J&J denied these allegations, but investigative reports have found documents dating back to the 1950s that J&J talcum powder may have been contained with asbestos fibers. Testing in the 1960s found trace amount of tremolite (a type of asbestos) and in a 1969 memo it was declared “normal” to find asbestos in talc deposits in the U.S. 

Investigative reports exposed that J&J knew for decades their product could be contaminated with asbestos has led to numerous lawsuits and regulatory scrutiny. These concerns have prompted J&J to discontinue the sale of talc-based baby powder in some regions and reformulate their product with alternative ingredients. In 2019, J&J baby powder was removed from shelves and the US Department of Justice launched a criminal investigation to determine if the health giant purposely mislead consumers about asbestos fibers in its talcum powder. By October 2021, J&J was facing thousands of lawsuits and filed for Chapter 11 bankruptcy. Today, J&J faces over 38,000  lawsuits alleging its talc products contain asbestos and as of April 2023, J&J offered a $8.9 billion talcum powder lawsuit settlement. Plaintiffs have rejected this offer. Billons of dollars have already been awarded in talcum powder lawsuits.

While J&J is by far the biggest name involved in the talcum powder lawsuits, it’s not the only one. The following is a list of companies and their products associated with talcum powder lawsuits:

  1. Colgate- Palmolive Company – Cashmere Bouquet Talc
  2. Gold Bond – Body Powder
  3. Gold Bond – Extra Strength Body Powder
  4. Gold Bond – No Mess Powder Spray
  5. Imerys Talc America – Talc supplier to J&J
  6. Bausch Health Companies (f/k/a Valeant Pharmaceuticals) – Shower to Shower
  7. Vanderbuilt Minerals Raw Industrial Talc
  8. Whittaker, Clark & Daniels Raw Cosmetic Talc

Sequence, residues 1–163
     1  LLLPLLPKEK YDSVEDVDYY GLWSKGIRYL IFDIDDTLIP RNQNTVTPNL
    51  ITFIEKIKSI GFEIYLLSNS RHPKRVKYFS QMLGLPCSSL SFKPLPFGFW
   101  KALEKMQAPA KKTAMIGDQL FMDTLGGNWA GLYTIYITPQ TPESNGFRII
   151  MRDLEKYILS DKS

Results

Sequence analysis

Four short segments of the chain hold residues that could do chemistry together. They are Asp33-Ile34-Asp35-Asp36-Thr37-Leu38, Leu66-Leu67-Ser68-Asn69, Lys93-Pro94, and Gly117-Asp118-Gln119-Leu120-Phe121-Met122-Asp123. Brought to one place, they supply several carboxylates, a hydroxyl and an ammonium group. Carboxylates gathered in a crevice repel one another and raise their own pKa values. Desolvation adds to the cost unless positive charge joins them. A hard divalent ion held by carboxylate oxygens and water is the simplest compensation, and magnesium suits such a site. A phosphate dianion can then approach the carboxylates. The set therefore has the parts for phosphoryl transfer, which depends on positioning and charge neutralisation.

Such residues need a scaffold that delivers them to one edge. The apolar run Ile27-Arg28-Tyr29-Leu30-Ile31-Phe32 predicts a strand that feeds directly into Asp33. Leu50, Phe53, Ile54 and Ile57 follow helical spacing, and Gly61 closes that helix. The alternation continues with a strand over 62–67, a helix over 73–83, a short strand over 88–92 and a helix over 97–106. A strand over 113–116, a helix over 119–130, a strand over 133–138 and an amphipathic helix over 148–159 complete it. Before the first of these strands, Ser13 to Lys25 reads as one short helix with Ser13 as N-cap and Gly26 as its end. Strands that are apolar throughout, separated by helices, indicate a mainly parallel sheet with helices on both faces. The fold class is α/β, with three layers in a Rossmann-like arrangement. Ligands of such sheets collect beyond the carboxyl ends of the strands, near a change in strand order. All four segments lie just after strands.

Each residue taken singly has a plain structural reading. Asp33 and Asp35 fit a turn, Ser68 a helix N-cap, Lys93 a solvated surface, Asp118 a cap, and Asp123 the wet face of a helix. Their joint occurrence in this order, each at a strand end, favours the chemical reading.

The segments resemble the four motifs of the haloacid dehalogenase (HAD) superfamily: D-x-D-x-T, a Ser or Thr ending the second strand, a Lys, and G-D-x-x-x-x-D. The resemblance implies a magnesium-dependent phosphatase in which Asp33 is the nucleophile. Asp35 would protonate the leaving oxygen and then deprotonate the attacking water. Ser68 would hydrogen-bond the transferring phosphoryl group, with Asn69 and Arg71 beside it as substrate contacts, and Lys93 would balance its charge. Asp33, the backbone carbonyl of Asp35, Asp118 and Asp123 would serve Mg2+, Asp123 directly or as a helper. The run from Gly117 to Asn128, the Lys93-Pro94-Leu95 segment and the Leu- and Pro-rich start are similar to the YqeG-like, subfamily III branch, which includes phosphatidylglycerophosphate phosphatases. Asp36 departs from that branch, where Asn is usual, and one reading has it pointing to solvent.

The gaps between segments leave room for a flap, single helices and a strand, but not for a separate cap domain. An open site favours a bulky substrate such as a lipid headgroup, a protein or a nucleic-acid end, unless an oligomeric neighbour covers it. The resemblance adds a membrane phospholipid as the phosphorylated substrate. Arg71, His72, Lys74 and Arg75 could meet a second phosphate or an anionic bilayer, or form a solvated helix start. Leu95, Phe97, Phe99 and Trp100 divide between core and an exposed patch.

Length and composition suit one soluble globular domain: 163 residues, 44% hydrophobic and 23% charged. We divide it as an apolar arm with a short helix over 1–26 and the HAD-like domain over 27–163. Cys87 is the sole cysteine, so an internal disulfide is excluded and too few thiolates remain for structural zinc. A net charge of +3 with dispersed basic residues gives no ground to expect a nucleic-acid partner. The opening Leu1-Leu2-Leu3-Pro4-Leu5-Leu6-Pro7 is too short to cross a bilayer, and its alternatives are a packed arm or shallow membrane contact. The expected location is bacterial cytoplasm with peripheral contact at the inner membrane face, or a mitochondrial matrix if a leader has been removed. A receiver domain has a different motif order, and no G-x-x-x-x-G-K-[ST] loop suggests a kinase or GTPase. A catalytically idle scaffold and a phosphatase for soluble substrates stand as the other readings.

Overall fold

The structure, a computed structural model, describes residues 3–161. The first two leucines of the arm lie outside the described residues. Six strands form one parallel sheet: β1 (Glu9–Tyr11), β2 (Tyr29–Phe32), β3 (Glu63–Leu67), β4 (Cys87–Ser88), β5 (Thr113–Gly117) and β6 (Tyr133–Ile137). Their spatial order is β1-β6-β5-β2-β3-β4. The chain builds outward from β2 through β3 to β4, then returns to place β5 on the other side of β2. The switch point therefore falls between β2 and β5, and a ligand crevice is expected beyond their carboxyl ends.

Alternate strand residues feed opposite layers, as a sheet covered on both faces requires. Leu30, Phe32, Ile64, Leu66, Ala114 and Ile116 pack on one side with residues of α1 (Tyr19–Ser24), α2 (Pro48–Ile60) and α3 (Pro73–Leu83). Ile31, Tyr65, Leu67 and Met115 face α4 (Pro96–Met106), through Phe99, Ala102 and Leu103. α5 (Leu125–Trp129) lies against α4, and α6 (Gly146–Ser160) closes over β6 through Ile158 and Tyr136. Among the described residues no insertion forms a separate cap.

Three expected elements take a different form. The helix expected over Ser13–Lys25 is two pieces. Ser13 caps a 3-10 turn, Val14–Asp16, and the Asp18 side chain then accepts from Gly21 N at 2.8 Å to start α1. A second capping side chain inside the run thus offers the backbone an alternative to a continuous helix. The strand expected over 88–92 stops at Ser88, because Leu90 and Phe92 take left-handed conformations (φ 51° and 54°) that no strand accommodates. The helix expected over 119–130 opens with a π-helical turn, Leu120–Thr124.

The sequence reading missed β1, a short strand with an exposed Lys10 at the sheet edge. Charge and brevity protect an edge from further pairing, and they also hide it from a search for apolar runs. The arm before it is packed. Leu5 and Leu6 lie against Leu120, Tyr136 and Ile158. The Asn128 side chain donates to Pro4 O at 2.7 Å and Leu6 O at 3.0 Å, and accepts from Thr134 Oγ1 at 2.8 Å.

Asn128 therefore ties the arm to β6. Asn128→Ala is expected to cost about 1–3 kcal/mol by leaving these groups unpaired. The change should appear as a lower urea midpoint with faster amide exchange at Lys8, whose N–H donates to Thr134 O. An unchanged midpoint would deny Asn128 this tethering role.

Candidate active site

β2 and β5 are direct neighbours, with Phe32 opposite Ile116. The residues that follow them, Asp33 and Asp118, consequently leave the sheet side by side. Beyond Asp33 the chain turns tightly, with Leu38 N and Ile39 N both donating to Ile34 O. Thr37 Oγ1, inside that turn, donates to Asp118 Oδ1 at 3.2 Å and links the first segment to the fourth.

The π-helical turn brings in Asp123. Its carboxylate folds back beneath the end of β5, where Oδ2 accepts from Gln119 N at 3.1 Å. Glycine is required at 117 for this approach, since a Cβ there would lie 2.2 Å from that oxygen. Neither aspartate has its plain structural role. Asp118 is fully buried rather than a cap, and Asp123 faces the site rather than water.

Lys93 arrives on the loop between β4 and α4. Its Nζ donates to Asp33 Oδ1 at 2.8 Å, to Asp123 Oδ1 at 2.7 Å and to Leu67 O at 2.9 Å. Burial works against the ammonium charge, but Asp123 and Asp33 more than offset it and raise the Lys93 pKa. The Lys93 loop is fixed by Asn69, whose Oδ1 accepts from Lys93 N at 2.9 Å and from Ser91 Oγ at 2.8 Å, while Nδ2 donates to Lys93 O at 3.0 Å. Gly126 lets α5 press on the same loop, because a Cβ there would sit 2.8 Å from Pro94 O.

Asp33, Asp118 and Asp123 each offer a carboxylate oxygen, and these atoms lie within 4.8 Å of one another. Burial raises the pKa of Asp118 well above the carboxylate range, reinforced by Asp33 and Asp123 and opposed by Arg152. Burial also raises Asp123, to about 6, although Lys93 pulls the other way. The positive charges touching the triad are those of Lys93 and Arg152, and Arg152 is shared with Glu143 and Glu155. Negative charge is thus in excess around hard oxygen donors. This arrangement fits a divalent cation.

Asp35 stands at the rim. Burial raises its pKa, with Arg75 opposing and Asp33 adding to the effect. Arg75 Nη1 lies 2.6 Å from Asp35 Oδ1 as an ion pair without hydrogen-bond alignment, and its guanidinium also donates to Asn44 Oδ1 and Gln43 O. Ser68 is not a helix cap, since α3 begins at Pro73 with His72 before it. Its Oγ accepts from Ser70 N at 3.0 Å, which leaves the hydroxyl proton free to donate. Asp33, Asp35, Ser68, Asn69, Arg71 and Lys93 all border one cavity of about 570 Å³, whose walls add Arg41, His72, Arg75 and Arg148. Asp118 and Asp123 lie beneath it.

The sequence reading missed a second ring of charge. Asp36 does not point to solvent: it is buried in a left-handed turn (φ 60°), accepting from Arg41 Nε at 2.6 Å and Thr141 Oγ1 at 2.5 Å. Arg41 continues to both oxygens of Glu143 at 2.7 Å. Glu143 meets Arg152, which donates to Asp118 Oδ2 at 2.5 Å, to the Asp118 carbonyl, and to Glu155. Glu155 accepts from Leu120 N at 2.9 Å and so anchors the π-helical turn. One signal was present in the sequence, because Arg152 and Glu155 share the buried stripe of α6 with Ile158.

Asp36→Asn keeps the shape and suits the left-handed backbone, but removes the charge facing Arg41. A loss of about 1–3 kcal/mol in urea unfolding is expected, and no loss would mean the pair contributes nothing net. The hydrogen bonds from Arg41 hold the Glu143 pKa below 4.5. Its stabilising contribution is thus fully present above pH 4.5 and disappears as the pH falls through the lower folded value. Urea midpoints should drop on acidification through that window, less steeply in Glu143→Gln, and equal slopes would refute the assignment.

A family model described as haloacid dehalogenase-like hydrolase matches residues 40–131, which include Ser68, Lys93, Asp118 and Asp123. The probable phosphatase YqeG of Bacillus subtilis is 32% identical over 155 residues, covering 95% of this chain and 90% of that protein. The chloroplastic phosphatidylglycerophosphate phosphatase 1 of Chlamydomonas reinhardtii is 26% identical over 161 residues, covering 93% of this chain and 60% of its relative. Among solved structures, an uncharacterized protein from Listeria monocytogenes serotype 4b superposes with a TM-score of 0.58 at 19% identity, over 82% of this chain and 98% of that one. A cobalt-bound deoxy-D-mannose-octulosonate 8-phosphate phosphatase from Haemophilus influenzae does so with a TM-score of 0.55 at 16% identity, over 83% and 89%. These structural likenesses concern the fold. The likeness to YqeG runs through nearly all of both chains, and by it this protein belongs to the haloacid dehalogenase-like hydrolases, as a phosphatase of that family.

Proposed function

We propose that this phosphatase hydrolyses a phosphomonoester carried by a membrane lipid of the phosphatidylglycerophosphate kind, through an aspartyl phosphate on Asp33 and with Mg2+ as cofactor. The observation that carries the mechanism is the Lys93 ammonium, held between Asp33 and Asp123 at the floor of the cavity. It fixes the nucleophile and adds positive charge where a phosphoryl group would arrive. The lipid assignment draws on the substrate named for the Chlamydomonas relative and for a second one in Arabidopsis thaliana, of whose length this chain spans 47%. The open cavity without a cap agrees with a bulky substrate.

If you or a loved one has been diagnosed with mesothelioma or ovarian cancer and believe your cancer was caused by asbestos-contaminated talcum powder, contact Goldberg, Persky, and White P.C. today. 

We can help determine if you qualify to file a talcum powder lawsuit and guide you through the litigation process. Plaintiffs have filed talcum powder lawsuits in all 50 states. With each state having their own statute of limitations, it’s important to file your case as soon as possible. Statutes can range from two to ten years depending on where the claim is filed. 

To file a talcum powder lawsuit for ovarian cancer, key parameters must be met:

  • Plaintiff should have history of daily use of talcum powder for four or more years
  • Diagnoses of ovarian cancer should have occurred after the year 2000
  • Plaintiff’s age range should fall between 22 and 65

For those suffering from mesothelioma, exposure to any asbestos-contaminated talc-based product could result in compensation on your behalf. This includes baby powder, cosmetics, or other industrial talc products such as paints, adhesives, rubber, ceramics, and more.

Family members of the deceased may be able to file on be-half of their loved ones in wrongful death claim.


  1. Dorota M. Gertig, et.al., “Prospective Study of Talc Use and Ovarian Cancer,” JNCI: Journal of the National Cancer Institute, Volume 92, Issue 3, (February 2022). [Link]  
  2. Daniel W. Cramer, et. al. “The Association Between Talc Use and Ovarian Cancer,” National Center for Biotechnology Information (NCBI) – PubMed Central (April 2016). [Link]
  3. “Johnson’s® Baby Powder, 1894,” Johnson and Johnson, Our Story. [Link]
  4. “Does Talcum Powder Cause Cancer?” City of Hope (Reviewed November 2021). [Link]
  5. “Ashton Letter and Reply – 1969.” (n.d.). DocumentCloud. [Link]
  6. Lisa Girion, “Johnson & Johnson Knew For Decades that Asbestos Lurked in its Baby Powder,” Reuters (December 2018). [Link]
  7. Michelle Llamas, BCPA “Talcum Powder Lawsuit Settlement,” Drugwatch (September 2023). [Link]
  8. Shelby Simon, “Talcum Powder Lawsuit Update October 2023,” Forbes (July 2023). [Link]
  9. “Johnson & Johnson to pay $4.7 Billion Damages in Talc Cancer Case,” BBC (July 2018). [Link]
  10. Ariane de Vogue, Jen Christensen, “Supreme Court Won’t Review $2 billion Verdict Against Johnson & Johnson in Talc Powder Case,” CNN (June 2021). [Link]